Villa E-1027 was abandoned during World War II, and Italian soldiers briefly moved in, drank wine, and used the walls for target practice. Le Corbusier returned to Roquebrune-Cap-Martin after the war, and when he couldn’t acquire the villa outright, instead started developing adjacent land owned by Rebutato, a retired plumber from Nice. He and Yvonne had become regulars at L’Etoile de Mer, feasting on sea urchins, smoking cigarettes, and drinking wine. Up went the Thoreau-like cabanon, measuring just 12 feet by 12 feet, next door, a perfect place for the busy architect to get away from it all – though he couldn’t help himself and also erected a simple one-room studio a few steps away.

    The cabanon – lovingly recreated in its entirety for the Museum of Modern Art’s exhibition on Le Corbusier – has all the efficient use of space of a room on a cruise ship: a tiny kitchen, a table to eat on, built-in storage, and little windows framing the verdant world outside. The architect and his wife slept on single beds – in her case, essentially just a bench along the back wall – and the aircraft-style lavatory was tucked in the corner. Le Corbusier used the outdoor shower after his daily swim in the ocean, and the couple took virtually all their meals at the L’Etoile de Mer.

    As part of this somewhat parasitic arrangement, Le Corbusier agreed to build five holiday cottages on the other side of the restaurant, which Rebutato rented out to vacationers who sought minimalist vacation digs. The two men dreamed of an even larger assembly of the cottages to accommodate mass seaside tourism, though that development never materialized.

    Le Corbusier died in 1965 at the age of 78, when he took his daily swim, against doctor’s orders, due to a worsening heart condition. The Le Corbusier Foundation donated the cabanon to the French Conservatoire du Littoral, a coastal conservancy agency, in 1979, and while it was possible to arrange private tours, the complex was never consecrated as an historic site. Villa E-1027, meanwhile, was left to deteriorate completely, occupied by squatters and even becoming the scene of a murder.

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    Enter Michael Likierman, a British businessman who came to France in 1972 to launch the UK-based Habitat chain and went on to cofound the Grandvision corporation. Likierman had been drawn to the area himself, and took an interest in historic restoration; his vision was to group all the buildings together on a single campus, and make it an architectural tourism destination.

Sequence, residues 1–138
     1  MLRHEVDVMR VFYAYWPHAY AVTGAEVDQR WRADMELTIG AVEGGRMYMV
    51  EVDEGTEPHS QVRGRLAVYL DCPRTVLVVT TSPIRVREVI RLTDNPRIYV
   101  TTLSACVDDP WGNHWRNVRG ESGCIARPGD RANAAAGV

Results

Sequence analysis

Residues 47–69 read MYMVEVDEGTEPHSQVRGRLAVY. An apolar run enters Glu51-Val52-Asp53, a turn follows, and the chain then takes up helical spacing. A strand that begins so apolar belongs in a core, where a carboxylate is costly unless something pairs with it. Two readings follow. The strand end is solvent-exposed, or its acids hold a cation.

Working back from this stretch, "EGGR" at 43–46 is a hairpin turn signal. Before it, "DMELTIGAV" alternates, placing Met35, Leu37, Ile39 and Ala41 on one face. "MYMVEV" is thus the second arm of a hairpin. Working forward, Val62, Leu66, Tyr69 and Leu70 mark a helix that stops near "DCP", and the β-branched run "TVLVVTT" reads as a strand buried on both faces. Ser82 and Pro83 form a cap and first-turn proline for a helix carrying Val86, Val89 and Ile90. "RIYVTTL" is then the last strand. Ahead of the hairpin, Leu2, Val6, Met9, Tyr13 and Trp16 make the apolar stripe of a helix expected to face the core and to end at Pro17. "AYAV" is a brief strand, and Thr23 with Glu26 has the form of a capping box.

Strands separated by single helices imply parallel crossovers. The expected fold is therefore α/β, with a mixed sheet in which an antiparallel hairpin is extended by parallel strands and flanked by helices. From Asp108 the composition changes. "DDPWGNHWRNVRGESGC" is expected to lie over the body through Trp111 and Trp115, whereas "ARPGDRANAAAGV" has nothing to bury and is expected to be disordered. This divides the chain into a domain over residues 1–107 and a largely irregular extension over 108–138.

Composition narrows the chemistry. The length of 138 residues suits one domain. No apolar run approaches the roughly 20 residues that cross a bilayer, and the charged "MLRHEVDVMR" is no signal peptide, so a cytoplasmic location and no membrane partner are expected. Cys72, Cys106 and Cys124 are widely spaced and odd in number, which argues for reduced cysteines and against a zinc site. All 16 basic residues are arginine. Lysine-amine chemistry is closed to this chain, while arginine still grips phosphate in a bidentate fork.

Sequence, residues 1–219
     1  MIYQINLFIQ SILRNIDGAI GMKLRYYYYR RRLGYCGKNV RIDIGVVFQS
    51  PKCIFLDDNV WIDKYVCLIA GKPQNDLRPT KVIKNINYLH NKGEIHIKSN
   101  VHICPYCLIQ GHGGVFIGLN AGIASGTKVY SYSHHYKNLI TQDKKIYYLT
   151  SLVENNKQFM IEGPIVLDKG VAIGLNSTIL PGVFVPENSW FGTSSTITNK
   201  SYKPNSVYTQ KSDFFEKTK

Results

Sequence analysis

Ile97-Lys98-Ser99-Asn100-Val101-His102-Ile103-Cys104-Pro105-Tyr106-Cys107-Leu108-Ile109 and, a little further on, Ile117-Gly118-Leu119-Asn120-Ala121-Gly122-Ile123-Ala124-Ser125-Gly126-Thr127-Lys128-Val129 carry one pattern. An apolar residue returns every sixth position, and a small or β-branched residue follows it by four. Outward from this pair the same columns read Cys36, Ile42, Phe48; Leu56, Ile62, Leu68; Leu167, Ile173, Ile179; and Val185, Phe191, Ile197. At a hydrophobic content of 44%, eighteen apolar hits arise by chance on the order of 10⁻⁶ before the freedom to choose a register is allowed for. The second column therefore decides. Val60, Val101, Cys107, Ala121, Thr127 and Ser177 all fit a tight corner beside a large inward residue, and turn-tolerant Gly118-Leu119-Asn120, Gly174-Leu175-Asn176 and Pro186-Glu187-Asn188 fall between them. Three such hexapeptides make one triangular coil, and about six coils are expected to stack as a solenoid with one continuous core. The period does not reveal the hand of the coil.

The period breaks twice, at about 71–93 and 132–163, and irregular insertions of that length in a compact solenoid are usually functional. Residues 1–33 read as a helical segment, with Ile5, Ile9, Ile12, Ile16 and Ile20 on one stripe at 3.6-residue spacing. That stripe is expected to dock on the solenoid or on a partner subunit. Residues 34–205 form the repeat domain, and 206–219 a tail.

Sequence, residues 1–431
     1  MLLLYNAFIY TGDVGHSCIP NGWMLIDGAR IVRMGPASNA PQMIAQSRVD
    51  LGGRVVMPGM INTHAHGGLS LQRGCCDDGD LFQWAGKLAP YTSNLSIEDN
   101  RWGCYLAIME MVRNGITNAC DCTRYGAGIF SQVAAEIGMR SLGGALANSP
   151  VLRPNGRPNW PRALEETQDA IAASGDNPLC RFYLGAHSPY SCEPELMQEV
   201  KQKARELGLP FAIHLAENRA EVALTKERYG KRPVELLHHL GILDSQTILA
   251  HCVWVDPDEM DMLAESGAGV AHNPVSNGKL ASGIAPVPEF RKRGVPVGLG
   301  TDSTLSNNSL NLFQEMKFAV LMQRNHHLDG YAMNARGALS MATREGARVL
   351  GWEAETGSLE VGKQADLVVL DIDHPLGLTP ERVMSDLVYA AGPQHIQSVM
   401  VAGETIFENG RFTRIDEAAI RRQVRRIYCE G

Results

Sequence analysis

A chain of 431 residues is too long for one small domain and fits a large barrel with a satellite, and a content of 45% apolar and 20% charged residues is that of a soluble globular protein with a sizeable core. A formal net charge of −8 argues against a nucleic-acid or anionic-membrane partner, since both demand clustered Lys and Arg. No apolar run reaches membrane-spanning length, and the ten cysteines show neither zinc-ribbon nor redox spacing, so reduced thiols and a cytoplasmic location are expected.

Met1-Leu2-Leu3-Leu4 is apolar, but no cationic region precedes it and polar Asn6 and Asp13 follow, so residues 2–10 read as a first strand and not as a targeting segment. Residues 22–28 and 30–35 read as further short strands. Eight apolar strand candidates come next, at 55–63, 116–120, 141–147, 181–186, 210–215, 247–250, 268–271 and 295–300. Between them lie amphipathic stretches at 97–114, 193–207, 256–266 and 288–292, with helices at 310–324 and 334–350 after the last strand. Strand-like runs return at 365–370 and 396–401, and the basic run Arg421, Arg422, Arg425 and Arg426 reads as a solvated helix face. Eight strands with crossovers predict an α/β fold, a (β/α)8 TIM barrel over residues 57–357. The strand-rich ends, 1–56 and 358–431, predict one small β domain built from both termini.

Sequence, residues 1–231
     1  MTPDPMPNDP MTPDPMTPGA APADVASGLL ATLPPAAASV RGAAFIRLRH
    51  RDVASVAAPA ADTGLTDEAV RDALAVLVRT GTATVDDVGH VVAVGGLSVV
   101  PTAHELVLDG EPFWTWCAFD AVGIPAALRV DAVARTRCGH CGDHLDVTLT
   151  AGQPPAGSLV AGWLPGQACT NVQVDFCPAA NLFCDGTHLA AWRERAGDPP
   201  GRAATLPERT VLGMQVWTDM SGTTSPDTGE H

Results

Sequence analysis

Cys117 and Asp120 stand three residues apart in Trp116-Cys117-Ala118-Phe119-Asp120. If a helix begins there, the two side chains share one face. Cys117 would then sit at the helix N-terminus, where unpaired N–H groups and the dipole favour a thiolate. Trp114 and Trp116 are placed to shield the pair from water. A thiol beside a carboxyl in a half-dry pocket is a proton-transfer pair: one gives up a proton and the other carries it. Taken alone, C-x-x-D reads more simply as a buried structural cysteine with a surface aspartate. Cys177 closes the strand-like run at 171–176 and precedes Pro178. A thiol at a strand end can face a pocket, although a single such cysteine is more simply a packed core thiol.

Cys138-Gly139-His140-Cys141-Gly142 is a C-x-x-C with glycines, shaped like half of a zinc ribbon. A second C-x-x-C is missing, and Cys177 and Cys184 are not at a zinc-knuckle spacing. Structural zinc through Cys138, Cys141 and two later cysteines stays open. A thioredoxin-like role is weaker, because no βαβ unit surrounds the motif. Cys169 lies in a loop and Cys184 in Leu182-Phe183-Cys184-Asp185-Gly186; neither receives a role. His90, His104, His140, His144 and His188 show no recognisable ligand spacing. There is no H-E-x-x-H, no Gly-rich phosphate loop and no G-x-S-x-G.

Several threads came together to jump-start the idea of Cap Moderne. Likierman became friends with Robert Rebutato, the son of the owner of L’Etoile de Mer, who liked the idea of preserving the hillside complex. An effort to restore Villa E-1027 got a boost when it became the shooting location for a film documenting the ménage-a-trois tale of Gray, Badovici, and Le Corbusier — “The Price of Desire,” supported by Julian Lennon and including in its cast the singer Alanis Morrisette, as Gray’s lesbian lover from Paris. The film, which debuted last year at the Dublin Film Festival, sped along the restoration work, so the villa was presentable for the cameras. It also helped to have Prince Albert of Monaco on the board of Cap Moderne, bolstering the $5 million project.

    Future plans call for transforming an unused warehouse building by the train station, currently featuring portraits of the three major figures of the story — Le Corbusier, Eileen Gray, and Thomas Rebutato — into a reception, visitor center, and exhibition space. Negotiations are ongoing to purchase the vacant Villa Giori, next door to Villa E-1027, to turn it into what Likierman calls a “laboratory of living architecture” for international researchers, in a recreated atrium that once stood on the site.

    There are plenty of other reasons for visiting Roquebrune-Cap-Martin, and it’s a magical place for strolling and fine dining and gazing out on the yachts anchored off the coast. Cap Moderne now offers a cultural and educational excursion to experience the quirks and foibles of 20th century design.

    Anthony Flint can be reached at anthony.flint@gmail.com